A long-lasting dispute regarding the most stable structure of cyclocarbon, a new carbon allotrope, has been settled. Cyclocarbon is an all-carbon ring comprised of eighteen interconnected carbon atoms. It is proposed to have two possible structures: the cumulenic structure with only carbon-carbon double bonds (Figure 1a), and the polyynic structure having alternating carbon-carbon triple and single bonds (Figure 1b). Recent experiments have confirmed that the polyynic structure is the stable form, but theorists were still puzzled: Why can’t the various computational methods reach an agreement on the molecular structure of cyclocarbon?Anton J. Stasyuk and coworkers from the University of Girona, Spain, offered an answer in ChemComm (DOI: 10.1039/C9CC08399E). They found that the simulated structure strongly depended on the type of functionals used in density functional theory (DFT), which is a computational tool to derive energy-minimum molecular structures. The functionals used for DFT calculations are mathematical terms that can tune the simulation accuracy.
The authors discovered that the weight of the exact exchange term (HF% exchange) in the DFT functionals determined the most stable simulated structure of cyclocarbon. The researchers compared 13 functionals with various percentages of HF% exchanges. They found that functionals with the HF% exchange higher than 50% predicted the appreciably different lengths of the neighboring bonds (quantified as the bond length alternation, the vertical axis of Figure 2), corresponding to the polyynic structure (Figure 2, red zone). This structure was recently observed experimentally. Functionals with lower HF% exchange either obtained the cumulenic structure (Figure 2, green zone) or the mixed cumulenic-polyynic structure (Figure 2, gray zone).With the correct functionals identified, the authors revealed the electronic properties of cyclocarbon. Calculations showed that cyclocarbon was a strong electron acceptor, making it the smallest all-carbon electron acceptor reported so far.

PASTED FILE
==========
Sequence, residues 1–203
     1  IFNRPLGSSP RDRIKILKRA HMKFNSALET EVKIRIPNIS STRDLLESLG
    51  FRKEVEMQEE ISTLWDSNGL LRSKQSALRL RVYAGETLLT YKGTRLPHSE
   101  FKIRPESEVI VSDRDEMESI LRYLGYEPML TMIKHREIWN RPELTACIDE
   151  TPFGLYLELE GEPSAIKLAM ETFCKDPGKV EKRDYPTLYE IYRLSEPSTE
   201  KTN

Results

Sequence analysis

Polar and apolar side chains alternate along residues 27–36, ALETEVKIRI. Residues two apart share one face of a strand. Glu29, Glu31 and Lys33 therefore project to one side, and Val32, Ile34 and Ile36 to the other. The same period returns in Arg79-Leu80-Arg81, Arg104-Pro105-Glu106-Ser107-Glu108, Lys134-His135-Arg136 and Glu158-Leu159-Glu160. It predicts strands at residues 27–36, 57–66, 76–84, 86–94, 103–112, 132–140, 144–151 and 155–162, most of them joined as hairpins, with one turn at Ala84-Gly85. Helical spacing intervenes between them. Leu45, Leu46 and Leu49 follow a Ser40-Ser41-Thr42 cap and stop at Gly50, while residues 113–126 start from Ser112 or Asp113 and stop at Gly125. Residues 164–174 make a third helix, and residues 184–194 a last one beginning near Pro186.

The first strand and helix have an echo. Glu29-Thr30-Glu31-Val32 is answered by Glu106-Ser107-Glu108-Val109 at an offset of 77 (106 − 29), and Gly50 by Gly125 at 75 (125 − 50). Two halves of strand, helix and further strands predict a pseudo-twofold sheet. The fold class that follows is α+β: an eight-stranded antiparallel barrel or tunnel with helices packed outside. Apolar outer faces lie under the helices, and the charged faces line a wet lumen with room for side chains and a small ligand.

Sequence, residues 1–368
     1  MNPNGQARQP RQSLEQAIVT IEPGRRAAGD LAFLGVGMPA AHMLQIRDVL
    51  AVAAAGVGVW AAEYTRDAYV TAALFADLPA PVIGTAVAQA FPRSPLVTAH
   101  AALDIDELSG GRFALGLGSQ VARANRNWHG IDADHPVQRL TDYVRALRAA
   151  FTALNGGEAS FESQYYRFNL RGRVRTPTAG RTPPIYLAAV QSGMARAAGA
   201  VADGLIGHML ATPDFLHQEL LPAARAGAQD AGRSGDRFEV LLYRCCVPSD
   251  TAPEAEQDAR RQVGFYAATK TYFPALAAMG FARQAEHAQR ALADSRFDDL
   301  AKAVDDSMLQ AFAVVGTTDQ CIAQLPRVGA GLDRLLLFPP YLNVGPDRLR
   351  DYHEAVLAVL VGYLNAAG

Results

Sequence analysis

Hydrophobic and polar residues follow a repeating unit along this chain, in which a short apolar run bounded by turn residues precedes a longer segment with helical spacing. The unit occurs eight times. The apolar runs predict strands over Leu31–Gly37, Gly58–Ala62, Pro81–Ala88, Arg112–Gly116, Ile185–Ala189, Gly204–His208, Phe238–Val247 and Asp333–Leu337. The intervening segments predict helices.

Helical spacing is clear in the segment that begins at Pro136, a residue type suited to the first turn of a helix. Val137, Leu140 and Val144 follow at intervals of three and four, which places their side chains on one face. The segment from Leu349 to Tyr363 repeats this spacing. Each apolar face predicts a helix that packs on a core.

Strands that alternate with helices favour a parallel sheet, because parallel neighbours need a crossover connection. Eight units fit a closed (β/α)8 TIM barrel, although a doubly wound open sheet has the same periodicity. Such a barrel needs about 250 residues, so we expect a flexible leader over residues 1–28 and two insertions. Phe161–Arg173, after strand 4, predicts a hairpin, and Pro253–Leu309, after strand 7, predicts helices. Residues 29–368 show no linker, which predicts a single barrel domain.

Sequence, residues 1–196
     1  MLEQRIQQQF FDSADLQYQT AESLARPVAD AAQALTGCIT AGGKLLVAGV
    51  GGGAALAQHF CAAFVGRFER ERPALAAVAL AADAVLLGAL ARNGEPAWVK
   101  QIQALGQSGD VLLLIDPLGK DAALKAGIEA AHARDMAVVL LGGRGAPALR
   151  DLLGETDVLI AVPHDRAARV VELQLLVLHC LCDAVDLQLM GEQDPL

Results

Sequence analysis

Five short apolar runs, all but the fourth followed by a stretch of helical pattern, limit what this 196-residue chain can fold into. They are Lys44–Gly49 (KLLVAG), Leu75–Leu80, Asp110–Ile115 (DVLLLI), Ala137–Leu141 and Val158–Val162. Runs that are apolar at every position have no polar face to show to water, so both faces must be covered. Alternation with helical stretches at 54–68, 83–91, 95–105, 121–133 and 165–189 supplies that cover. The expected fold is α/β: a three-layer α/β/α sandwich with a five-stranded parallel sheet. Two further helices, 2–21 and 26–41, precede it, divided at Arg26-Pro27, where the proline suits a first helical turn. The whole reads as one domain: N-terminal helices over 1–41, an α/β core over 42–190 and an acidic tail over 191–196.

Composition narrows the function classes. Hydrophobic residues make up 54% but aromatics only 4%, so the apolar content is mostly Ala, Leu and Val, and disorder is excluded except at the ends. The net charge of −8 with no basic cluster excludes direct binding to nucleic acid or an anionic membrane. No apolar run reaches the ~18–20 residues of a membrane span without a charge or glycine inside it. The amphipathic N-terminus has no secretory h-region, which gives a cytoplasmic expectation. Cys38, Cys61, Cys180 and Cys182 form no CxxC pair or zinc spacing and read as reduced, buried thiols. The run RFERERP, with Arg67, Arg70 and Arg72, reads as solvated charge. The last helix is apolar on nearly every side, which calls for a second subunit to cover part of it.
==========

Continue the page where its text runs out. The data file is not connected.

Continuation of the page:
To find out more, please read:
Anton J. Stasyuk, Olga A. Stasyuk, Miquel Solà, and Alexander Voityuk
Chem. Commun., 2019, DOI: 10.1039/C9CC08399E
Tianyu Liu acknowledges Zac Croft at Virginia Tech, U.S., for his careful proofreading of this post.
About the blogger:
Tianyu Liu obtained his Ph.D. (2017) in Chemistry from the University of California, Santa Cruz, in the United States. He is passionate about the communication of scientific endeavors to both the general public and other scientists with diverse research expertise to introduce cutting-edge research to broad audiences. He is a blog writer for Chem. Comm. and Chem. Sci. More information about him can be found at http://liutianyuresearch.weebly.com/.